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2002 | 56 | 2 | 123-126
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Pregnancy, microchimerism, and autoimmune disease

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Microchimerism is defined by the presence within an individual of a low level of cells derived from a different individual. The main, natural source of microchimerism is pregnancy. The migration of fetal cells into maternal blood during pregnancy has become an accepted fact. The maternal cells can also be found in the fetal circulation. Recent studies indicate that cells can persist in the maternal circulation for years after pregnancy. Maternal cells can also persist in het progeny. The autoimmune diseases are a diverse group of disorders. Many of them are of unknown etiology. Women are disproportionately affected by autoimmune disease and the incidence of some autoimmune disease in women peak following childbearing years. The integration of observation from differing fields of medicine has led to the consideration that microchimerism may be involved in the pathogenesis of some autoimmune diseases. Early results offer support for a potential role of microchimerism in SSc. The aim of this paper is to present current knowledge about this problem.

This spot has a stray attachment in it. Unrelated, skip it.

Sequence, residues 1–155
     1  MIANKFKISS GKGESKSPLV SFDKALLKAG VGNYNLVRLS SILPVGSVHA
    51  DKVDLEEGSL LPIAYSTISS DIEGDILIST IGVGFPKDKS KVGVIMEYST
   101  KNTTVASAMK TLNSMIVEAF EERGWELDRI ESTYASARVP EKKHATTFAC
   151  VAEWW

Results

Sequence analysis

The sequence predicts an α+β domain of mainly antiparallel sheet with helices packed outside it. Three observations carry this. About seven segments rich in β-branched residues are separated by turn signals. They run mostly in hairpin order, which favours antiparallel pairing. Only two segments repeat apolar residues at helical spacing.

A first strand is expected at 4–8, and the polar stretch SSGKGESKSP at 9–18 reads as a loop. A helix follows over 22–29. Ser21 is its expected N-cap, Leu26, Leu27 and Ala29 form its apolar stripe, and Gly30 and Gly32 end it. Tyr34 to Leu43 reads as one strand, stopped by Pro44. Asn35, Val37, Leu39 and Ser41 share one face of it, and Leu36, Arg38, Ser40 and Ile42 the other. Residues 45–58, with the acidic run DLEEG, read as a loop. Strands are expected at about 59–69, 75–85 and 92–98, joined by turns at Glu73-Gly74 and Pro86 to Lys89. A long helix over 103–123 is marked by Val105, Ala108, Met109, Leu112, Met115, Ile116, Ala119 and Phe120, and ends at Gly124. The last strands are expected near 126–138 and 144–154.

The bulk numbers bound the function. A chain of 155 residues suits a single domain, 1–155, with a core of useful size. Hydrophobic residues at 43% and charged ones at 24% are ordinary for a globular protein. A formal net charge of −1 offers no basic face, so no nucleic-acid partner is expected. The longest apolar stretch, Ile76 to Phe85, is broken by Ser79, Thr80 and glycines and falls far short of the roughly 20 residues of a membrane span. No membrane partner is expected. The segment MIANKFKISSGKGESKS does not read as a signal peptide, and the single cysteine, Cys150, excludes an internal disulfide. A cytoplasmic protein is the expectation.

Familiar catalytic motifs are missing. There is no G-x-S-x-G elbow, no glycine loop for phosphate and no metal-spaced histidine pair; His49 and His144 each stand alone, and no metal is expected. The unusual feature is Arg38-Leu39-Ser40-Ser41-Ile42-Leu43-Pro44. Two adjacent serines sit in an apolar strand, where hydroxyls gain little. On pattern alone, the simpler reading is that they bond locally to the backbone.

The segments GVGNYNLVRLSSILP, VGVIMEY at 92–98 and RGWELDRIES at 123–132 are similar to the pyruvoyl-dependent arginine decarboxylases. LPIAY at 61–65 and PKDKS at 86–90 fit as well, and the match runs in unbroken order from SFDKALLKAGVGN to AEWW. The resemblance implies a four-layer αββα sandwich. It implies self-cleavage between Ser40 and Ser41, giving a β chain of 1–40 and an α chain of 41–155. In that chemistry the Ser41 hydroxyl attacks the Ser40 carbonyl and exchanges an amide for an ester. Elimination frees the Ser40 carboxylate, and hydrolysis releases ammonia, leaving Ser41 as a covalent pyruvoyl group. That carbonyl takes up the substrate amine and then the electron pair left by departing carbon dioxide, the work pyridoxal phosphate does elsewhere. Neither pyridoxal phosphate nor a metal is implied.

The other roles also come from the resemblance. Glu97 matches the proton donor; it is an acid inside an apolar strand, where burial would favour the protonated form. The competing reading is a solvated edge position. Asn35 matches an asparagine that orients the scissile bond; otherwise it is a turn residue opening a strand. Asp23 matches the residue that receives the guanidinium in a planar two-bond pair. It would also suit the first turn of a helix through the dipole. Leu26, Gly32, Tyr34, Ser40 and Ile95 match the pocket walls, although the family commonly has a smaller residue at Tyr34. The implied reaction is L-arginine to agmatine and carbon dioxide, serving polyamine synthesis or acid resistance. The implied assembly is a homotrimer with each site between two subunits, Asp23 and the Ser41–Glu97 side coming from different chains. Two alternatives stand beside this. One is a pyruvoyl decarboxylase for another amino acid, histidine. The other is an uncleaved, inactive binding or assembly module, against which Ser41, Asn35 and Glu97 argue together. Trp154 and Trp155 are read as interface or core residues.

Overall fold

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B. Nowakowska, Instytut Immunologii i Terapii Doswiadczalnej PAN, ul. R.Weigla 12, 53-114 Wroclaw, Poland
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